This Jazzwoman speaks softly, but she carries a big repertoire
NEW YORK - How refreshing. One of the biggest new voices in song is not, in fact, a big voice at all.
It’s the voice of Gretchen Parlato, who has taken an antiheroine’s route to prominence as a jazz singer, breaking with the conventional character traits. Rather than belt or blare, Parlato’s sound is light and contained, nearly conversational. In lieu of frills and pyrotechnics, she uses nuance and a great harmonic subtlety. Her material avoids standards and torch songs in favor of progressive fare from different moments and styles, with Wayne Shorter and Herbie Hancock among her touchstone influences.
For Parlato, 33, who plays Regattabar on Thursday in support of her quietly mesmerizing new album, “In a Dream,’’ going understated actually maximizes her assets.
“You can hear that my speaking voice is not very loud,’’ she says over salade niçoise at an Upper West Side terrace on a recent afternoon. “My singing voice is not very loud. It’s about being comfortable with yourself, and what you are capable of, knowing that I can get the best resonance and the best tone at this volume.’’
The judgment of her peers has vindicated her approach. Since 2003, when she arrived in New York, Parlato has gathered some of the edgiest new talent in jazz - guitarist Lionel Loueke, drummer Kendrick Scott, bassist Derrick Hodge, pianist Aaron Parks - to take time from their own burgeoning careers and play and record with her.
The first vocalist ever accepted in the ultra-selective Thelonious Monk Institute of Jazz program (in the same batch of seven with Loueke), she counts its leadership, including Shorter, Hancock, and Terence Blanchard, among her mentors.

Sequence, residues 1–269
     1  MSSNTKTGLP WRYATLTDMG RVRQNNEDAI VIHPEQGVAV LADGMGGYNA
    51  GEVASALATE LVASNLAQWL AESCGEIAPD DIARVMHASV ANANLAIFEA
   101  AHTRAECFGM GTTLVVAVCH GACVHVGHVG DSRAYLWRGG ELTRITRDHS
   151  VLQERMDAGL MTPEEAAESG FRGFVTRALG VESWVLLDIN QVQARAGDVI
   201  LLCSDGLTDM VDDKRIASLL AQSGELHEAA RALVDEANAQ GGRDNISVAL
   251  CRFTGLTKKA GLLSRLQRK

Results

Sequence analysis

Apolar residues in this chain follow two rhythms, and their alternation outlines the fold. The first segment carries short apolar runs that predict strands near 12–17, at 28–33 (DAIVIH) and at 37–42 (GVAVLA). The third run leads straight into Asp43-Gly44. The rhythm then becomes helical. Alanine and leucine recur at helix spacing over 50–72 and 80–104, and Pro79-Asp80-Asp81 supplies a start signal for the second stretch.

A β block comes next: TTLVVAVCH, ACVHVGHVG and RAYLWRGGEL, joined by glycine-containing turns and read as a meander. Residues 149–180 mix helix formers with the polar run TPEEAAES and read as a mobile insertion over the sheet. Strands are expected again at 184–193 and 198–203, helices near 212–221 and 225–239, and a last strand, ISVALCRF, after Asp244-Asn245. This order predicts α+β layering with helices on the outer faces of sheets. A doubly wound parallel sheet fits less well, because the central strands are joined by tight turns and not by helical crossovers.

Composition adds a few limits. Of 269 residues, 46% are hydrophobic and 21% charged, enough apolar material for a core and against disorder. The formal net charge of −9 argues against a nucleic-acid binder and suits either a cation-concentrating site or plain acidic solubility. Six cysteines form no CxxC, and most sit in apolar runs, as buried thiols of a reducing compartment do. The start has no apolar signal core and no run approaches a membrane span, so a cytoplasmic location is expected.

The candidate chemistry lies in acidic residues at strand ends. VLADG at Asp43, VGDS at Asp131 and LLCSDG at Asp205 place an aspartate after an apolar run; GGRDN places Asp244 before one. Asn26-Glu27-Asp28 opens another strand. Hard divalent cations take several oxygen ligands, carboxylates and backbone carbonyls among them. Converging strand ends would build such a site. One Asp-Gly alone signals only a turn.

It’s an impressive journey into the creative heart of jazz today for this small-voiced, low-key woman from Los Angeles (“I’m a Valley girl,’’ she says with a smile), who grew up in a family of artists and entertainers, but listened to pop and new wave.
“I’m a child of the ’80s,’’ Parlato says. “The MTV generation, that was all I cared about.’’
Still, she sang from the start: The new album includes, in fact, a few tiny recorded snippets of 2-year-old Gretchen warbling, which makes for a cute and funny punctuation. But to find her voice took a journey into a foreign language and a foreign genre, sparked by an accidental discovery from her mother’s record collection.
The record was “Getz/Gilberto,’’ the 1964 bossa nova classic by Stan Getz and João Gilberto, featuring the songs of Antonio Carlos Jobim. “It was love at first sound. I was completely taken by João Gilberto’s voice, and the simplicity of that album and style. It’s just so understated. And my reaction was, oh, you can do that?’’
Without understanding the words, the teenage Parlato taught herself the solos by ear. “I could imitate the whole thing, and just do it phonetically,’’ she says. Soon she was taking Portuguese in high school and college so she could inhabit the material with its meaning.
Bossa nova remains a first love for Parlato, even as her jazz career has blossomed. About half the songs on her first album, self-released in 2005 (and titled “Gretchen Parlato’’) are in Portuguese; iTunes lists the disc under “Latino.’’
But the biggest payoff from her Brazilian phase was how it freed her to develop her quiet, complex style in the spirit of Gilberto or Rosa Passos - and transfer the results back to her mother tongue.
With her new CD, Parlato takes on an exciting range of materials, from classic Shorter (“ESP’’) and Hancock (“Butterfly’’) to a radical reconstruction of “Weak,’’ a mostly forgotten pop hit by R&B group SWV. She fields her voice as an instrument, never dominating the band, but working in subtle sympathy.
“The thing I enjoy about her is she’s a musician first,’’ says drummer Scott, who appears on the album and in the current touring unit. “I love how she includes herself in the sound of the group first. She lets us play, and then she jumps right into the middle - never the periphery.’’
The connection and trust open up new horizons even on the familiar tunes on “In a Dream,’’ allowing reworkings that are jagged, deconstructive, sometimes cerebral, but still textured and melodic. Without those possibilities, Parlato says, there would be no point in replicating already perfect songs like “I Can’t Help It,’’ which Stevie Wonder wrote for Michael Jackson’s “Off the Wall.’’
“Did anyone really need to redo that song?’’ Parlato says. “No. For me you have to kind of deconstruct these songs, rip everything down, and get it to its simplest, purest form. And then anything that you add to it is from your own life, your story.’’